Driven by crushing taxes from the farm where his family had lived—and died—Krispos had come to the. city seeking what fortune a good mind and a strong back could earn. He had a single goldpiece to his name—the gift, years past, of a nomad chieftain to a ragged peasant boy. Now, though the night was raw and the inn was warm, he was loath to spend that coin, for the barbarian had claimed it carried magic.
Keep his lucky goldpiece or trade it for a warm, dry bed? Krispos tucked the coin away and stepped back into the wet streets—all unaware that so simple a choice would lead to a world of peril and possibility. . . .
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THE THUNDER OF HOOFBEATS. SHOUTS IN A HARSH TONGUE.
Krispos opened one eye. It was still dark. It felt like the middle of the night. He shook his head. He did not like noise that woke him up when he should have been asleep. He closed the eye and snuggled down between his mother and father on the straw paillasse he and they and his little sister used for a bed.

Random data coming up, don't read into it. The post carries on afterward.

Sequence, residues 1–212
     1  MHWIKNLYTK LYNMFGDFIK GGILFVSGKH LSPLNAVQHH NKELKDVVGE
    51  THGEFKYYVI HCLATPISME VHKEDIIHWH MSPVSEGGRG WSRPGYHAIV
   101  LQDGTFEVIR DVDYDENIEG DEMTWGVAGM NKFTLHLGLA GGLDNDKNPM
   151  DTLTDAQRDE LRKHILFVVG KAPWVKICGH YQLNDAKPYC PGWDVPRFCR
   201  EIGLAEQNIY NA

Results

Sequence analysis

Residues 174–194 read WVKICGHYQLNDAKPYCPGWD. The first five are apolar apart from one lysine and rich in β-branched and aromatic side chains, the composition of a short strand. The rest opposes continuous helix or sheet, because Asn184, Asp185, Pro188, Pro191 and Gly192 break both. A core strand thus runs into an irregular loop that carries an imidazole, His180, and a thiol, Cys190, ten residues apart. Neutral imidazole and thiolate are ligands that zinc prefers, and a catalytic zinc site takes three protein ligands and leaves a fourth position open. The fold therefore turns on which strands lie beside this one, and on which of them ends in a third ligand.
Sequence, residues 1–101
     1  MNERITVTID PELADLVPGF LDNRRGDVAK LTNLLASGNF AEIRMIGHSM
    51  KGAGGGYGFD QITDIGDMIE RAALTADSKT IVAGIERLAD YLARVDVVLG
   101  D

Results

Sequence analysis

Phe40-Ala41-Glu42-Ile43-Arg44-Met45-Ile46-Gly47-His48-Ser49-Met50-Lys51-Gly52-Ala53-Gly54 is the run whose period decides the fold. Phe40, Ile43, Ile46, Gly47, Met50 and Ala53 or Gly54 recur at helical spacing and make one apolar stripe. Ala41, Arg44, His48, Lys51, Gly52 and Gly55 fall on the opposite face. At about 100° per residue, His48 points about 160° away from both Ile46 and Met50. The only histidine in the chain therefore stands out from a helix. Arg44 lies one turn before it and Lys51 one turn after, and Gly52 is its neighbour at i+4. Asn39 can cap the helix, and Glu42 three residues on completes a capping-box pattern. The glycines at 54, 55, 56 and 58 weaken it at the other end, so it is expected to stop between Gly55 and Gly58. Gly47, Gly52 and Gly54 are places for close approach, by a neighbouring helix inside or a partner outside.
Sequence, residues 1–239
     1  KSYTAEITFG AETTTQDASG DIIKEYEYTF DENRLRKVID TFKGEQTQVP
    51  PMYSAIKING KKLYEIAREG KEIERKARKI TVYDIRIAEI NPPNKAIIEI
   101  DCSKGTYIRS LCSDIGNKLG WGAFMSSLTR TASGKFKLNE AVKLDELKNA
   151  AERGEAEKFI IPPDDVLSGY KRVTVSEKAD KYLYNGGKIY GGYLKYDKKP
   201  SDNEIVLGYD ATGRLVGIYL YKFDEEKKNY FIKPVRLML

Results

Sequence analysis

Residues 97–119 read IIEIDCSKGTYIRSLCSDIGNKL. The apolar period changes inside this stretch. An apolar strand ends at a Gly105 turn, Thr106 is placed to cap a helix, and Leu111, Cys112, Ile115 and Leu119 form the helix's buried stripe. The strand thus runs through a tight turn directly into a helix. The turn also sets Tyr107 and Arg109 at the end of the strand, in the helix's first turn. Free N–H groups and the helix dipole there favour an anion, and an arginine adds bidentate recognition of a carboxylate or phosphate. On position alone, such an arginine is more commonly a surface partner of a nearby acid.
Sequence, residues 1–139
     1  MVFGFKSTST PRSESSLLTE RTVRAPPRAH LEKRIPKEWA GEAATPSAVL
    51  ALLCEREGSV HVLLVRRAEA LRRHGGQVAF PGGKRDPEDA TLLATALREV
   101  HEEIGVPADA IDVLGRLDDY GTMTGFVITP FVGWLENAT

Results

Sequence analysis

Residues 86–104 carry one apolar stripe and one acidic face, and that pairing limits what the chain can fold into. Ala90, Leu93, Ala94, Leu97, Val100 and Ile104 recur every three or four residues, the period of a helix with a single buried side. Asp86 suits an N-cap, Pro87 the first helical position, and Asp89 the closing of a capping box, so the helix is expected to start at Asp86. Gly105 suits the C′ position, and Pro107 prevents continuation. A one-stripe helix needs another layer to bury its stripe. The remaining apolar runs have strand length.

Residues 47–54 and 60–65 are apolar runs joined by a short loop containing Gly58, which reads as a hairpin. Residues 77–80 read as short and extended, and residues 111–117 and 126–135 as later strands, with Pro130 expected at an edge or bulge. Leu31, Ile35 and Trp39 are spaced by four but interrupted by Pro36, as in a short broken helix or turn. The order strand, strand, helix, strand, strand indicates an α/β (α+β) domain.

His parents woke, too, just when he was trying to go back to sleep. Krispos felt their bodies stiffen on either side of him. His sister Evdokia slept on. Some people have all the luck, he thought, though he’d never thought of Evdokia as particularly lucky before. Not only was she three—half his age—she was a girl.
The shouts turned to screams. One of the screams had words: “The Kubratoi! The Kubratoi are in the village!”
His mother gasped. “Phos save us!” she said, her voice almost as shrill as the cries of terror in the darkness outside.
“The good god saves through what people do,” his father said. The farmer sprang to his feet. That woke Evdokia, where nothing else had. She started to cry. “Keep her quiet, Tatze!” Krispos’ father growled. His mother cuddled Evdokia, softly crooned to her.
Krispos wondered whether he’d get cuddled if he started crying. He thought he’d be more likely to get his father’s hand on his backside or across his face. Like every farm boy from anywhere near the town of Imbros, he knew who the Kubratoi were: wild men from north of the mountains. “Will we fight them, Father?” he asked. Just the other day, with a stick for a sword, he’d slain a dozen make-believe robbers.